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Donna Merwick

Donna Merwick (1932–2021) was an American-born Australian historian who specialised in colonial American history. Along with Greg Dening and Inga Clendinnen, she was a leading member of the ‘Melbourne School’ of history that brought ethnographic nuance and narrative craft to the writing of the past. She was the author of a number of significant studies including Possessing Albany: 1630-1710: The Dutch and English Experiences (1990), Death of a Notary: Conquest and change in colonial New York (1999), and Stuyvesant Bound: An essay on loss across time (2013).

Donna Merwick reviews ‘Epic Journeys of Freedom: Runaway slaves of the American revolution and their global quest for liberty’ by Cassandra Pybus

March 2006, no. 279 01 March 2006
Until about twenty years ago, historians of colonial North America were writing about it as ‘this strange New World’. Whether because of distance or a native frontier, inflated (or skewed) visions, J. Hector St John de Crèvecoeur’s new man, the American, was thought to have been born on an unknown and therefore malleable physical and institutional landscape. Everything could, as it were, be ... (read more)

Donna Merwick reviews 'The Global Reach of Empire: Britain’s maritime expansion in the Indian and Pacific oceans, 1764–1815' by Alan Frost

October 2003, no. 255 01 October 2003
Some reviewers like to stamp their own character on a review in its opening sentences. I prefer, however, to share with you some of Alan Frost’s words: When I was a boy, living in a village set against a beach in Far North Queensland, I was struck by two kinds of trees. Ringing the beach at intervals were great ‘beach-nut’ trees (Calophyllum inophyllum). As early photographs of the beach ... (read more)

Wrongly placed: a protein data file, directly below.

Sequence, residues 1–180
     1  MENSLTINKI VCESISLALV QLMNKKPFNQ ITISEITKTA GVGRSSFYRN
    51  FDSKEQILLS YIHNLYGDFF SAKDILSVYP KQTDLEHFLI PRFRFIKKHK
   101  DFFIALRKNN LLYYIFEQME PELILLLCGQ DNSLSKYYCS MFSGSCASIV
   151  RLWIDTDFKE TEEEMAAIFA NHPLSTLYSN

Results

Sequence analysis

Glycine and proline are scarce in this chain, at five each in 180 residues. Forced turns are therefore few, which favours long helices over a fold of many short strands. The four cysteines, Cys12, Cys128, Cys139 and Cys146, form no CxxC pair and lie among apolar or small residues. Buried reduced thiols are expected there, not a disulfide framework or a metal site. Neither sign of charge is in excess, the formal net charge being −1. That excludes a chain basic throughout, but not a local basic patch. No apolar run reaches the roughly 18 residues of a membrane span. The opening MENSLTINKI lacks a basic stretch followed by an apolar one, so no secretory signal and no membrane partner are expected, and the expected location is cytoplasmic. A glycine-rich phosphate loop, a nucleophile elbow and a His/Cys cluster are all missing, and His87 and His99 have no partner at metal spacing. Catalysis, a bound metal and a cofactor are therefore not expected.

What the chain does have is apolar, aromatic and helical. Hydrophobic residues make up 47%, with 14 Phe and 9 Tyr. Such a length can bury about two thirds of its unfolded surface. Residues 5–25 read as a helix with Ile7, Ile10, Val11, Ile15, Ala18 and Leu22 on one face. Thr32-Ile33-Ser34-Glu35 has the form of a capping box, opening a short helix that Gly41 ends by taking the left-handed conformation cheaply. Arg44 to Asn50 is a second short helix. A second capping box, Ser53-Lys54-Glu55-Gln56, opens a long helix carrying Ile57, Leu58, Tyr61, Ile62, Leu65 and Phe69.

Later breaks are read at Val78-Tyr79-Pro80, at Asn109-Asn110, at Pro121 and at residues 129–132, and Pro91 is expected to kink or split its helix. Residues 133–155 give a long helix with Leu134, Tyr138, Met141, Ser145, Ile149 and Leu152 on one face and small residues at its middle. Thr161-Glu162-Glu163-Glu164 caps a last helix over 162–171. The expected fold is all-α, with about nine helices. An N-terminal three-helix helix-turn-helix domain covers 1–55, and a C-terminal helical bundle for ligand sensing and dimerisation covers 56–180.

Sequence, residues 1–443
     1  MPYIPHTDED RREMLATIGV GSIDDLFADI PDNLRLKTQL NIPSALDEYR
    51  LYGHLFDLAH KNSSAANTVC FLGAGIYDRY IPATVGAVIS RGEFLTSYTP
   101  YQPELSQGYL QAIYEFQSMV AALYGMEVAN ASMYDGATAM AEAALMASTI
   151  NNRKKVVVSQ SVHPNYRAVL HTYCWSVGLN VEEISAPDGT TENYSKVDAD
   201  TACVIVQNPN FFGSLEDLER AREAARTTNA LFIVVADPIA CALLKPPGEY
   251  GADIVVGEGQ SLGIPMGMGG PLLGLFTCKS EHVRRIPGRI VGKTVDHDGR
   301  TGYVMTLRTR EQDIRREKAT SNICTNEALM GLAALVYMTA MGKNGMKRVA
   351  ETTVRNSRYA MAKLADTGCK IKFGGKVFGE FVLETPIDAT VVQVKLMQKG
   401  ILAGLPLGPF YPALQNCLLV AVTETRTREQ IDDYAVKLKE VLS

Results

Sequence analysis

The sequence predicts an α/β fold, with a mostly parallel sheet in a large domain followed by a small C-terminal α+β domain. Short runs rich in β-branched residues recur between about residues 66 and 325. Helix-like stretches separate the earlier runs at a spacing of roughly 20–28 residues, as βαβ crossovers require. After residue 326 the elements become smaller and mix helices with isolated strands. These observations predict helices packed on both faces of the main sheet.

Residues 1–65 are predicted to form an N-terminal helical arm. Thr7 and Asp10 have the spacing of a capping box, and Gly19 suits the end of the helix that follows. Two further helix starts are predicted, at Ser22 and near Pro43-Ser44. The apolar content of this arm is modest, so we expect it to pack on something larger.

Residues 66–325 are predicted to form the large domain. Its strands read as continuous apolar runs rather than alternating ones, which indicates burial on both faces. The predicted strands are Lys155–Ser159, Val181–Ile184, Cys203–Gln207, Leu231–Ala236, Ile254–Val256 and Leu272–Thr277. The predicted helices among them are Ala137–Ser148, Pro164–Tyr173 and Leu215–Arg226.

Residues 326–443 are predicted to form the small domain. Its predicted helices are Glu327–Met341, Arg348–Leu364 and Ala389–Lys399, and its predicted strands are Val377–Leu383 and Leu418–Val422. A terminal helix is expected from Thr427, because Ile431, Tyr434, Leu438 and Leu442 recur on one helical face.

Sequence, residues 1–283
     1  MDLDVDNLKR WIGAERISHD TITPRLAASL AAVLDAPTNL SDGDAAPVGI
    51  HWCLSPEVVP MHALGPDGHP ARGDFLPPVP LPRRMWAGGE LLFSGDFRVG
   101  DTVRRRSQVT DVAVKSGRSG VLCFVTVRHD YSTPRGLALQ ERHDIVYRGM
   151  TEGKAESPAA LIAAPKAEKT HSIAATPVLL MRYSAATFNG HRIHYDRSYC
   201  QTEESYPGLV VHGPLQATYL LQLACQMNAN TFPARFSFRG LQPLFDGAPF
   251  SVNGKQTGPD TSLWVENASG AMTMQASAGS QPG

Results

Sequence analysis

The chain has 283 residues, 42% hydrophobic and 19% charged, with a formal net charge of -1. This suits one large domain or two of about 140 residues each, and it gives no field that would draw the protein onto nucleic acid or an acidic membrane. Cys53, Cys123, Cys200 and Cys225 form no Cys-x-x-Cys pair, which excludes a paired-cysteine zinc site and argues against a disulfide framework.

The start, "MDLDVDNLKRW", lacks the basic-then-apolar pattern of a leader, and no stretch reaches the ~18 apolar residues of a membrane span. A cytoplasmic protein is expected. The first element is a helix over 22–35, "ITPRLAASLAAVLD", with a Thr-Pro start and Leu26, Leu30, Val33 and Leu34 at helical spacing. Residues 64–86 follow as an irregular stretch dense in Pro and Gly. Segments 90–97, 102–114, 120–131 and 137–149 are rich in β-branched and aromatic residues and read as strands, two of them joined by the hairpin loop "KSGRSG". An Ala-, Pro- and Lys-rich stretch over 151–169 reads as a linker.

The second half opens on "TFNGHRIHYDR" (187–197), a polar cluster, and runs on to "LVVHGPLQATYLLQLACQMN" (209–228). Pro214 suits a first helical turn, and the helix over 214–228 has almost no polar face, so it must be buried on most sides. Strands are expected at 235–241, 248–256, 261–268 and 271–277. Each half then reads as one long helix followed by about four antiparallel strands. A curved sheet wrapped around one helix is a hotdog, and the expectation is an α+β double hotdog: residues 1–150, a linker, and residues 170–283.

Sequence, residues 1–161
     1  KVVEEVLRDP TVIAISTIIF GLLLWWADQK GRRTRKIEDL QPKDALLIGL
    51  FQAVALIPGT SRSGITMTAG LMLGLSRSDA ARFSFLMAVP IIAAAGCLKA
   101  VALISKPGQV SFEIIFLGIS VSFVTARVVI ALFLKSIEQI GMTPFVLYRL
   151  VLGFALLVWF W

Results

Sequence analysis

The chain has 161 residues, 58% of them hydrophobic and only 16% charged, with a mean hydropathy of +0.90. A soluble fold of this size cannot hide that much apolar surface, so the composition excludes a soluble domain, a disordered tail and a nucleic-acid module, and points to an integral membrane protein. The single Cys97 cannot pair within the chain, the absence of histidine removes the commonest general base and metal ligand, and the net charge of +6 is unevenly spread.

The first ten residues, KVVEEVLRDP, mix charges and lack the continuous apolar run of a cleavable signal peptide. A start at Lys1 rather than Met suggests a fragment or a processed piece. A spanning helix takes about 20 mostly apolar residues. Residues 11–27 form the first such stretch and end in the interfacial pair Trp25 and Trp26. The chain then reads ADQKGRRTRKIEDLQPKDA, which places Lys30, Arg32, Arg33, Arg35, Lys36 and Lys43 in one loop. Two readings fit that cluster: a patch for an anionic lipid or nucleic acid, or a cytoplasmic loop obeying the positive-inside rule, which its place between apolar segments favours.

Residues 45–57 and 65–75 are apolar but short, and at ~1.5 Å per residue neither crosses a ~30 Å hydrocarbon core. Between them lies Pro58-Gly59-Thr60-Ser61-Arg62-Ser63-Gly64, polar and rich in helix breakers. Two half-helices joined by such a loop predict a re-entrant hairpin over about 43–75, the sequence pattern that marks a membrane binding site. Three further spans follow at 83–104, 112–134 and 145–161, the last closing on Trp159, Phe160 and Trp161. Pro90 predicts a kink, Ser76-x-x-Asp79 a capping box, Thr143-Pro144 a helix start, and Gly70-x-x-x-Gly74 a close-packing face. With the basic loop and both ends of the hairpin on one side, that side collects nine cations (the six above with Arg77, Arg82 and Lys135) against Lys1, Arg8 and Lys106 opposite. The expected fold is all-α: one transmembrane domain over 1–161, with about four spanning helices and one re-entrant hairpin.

Donna Merwick reviews 'Lincoln' by Thomas Keneally

May 2003, no. 251 01 May 2003
Weidenfeld & Nicolson were both wise and fortunate in their choice of Thomas Keneally to write a study of Abraham Lincoln for their Lives series. He in turn gifted them, and us, with a story that listens closely to Lincoln’s words and sees some shape in the internal and external demons that so often troubled his life. Keneally’s narrative moves quietly alongside the Illinois rail-splitter ... (read more)

Donna Merwick reviews 'The Politics of War: Race, class, and conflict in revolutionary Virginia' by Michael A. McDonnell

June 2007, no. 292 01 June 2007
Over the past four years, we Australians have had considerable experience of the conflicted, and sometimes agonising, politics of war. In this study, Michael A. McDonnell, a historian at the University of Sydney, examines the unanticipated social and political contestations aroused by the demands of another war. In the late eighteenth century, Virginia endured a six-year struggle against the imper ... (read more)